Break out the Pomp and Circumstance, it’s graduation time. Yah! While class of 2013 contemplates what’s next, college and/or work, solid interviewing skills will ease the transition.
Even for those headed to college, pertinent experience, summer or otherwise, is going to be crucial with respect to future employment. Start putting yourself in position now. In other words, if envisioning a career in architecture, for example, it would make sense to find a job in that field as soon as possible. A future employer will most likely pay more attention to that than a job at some burger joint.
1.) Prepare a professional looking resume and research the organizations with which you’ll be interviewing. In addition to what you’ve done, tell them how well you’ve done it. Use attention grabbing words such as “enhanced,” “generated,” and “improved.” Specific numbers and percents are also highly useful (for example: “increased budget 30% from $10,000 to $13,000). Remember also to keep it simple, creative, and verifiable. Doing some advanced research about the business entity will increase your stock in their eyes as well.
2.) Proper attire is critical. No pink leisure suits. Sharp dress is required for interviewing. Also, unless you’ll be interviewing with the Punk Rock Hall of Fame, lose the tongue rings, nose rings, and whatever other colorful accouterments that a real-world organization would find distasteful.
3.) Motivate yourself for a successful meeting. On your way there listen to your favorite music, visualize getting the job. Recall times in your life when you felt unstoppable and get congruent with that feeling. Confidence, not cockiness, will make the difference.
4.) Remember to put forth a positive demeanor: firm handshakes, solid eye contact, smiling, positive words, avoid invectives, gratitude and appreciation for the opportunity, upright posture, and of course no drooling, complaining, or whining.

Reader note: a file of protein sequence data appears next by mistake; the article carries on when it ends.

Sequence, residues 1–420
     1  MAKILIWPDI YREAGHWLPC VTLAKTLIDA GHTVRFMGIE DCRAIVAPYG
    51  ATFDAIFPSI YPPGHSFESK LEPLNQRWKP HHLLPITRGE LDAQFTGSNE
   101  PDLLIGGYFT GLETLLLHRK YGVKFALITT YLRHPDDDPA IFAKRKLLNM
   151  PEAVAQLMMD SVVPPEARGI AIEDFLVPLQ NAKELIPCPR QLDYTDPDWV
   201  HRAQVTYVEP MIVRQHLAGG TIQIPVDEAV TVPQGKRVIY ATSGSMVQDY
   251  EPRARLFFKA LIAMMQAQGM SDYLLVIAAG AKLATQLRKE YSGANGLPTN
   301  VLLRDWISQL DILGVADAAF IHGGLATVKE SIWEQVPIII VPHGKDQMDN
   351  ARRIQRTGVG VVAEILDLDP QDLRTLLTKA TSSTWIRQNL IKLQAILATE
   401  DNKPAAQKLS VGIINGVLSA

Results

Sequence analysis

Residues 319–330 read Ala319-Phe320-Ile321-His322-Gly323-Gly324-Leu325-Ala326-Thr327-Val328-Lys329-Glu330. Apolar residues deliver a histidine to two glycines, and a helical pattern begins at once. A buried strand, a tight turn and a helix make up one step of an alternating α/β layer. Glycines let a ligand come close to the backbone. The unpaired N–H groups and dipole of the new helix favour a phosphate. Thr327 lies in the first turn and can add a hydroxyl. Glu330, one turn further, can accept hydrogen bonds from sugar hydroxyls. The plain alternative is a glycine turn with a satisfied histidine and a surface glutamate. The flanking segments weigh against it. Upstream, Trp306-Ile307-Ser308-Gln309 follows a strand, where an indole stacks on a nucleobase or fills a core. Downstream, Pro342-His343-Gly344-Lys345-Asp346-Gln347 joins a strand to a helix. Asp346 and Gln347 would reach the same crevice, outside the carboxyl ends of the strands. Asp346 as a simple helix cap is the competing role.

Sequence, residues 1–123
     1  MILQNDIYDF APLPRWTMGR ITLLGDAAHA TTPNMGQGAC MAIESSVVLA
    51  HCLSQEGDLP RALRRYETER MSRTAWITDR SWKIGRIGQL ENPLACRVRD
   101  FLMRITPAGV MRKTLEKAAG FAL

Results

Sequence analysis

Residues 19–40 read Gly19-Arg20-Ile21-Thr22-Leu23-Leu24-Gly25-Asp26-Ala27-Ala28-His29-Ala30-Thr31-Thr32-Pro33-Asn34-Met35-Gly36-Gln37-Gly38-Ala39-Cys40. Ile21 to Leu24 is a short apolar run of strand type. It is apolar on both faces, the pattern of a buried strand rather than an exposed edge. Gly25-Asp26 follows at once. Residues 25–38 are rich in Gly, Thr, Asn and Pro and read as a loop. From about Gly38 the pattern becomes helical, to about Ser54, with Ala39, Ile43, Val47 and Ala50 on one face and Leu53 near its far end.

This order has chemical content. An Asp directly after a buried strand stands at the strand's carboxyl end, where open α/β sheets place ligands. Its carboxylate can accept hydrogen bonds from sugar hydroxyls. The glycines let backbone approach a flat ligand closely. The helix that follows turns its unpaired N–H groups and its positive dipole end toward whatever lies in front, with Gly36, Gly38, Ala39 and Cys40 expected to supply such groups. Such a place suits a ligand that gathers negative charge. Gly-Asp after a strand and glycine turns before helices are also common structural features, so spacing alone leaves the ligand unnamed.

5.) Be prepared with a list of appropriate written questions based on your curiosity about the job and the organization. Keep in mind that you’re interviewing them as much as they’re interviewing you. Asking questions shows interest and initiative, qualities that most organizations love. In the process, without being too obvious, model the interviewers body language, inflections, and key words (people like people like themselves). Never leave an interview without a decision towards the next step. Say something like, “I’m really excited about this opportunity, is there any reason why I’m not right for this job?” Overcome any objections, if any, and find out what the next step is in the hiring process. Follow through on all commitments.
6.) Follow up. Write a thank you card or email and send it immediately.
I would always advise getting as many written offers as possible. This puts you in position to make the best decision. Have fun, be yourself, and enjoy your senior moments.
Steve Kirshenbaum, M.S. is an Educational Consultant and Founder of SAT Preparation Group, which specializes in in-home tutoring, SAT Preparation with a 200-point increase guarantee, college planning, and success strategies for teens. They can be reached at 877-672-8773 or www.SATPrepGroup.com.
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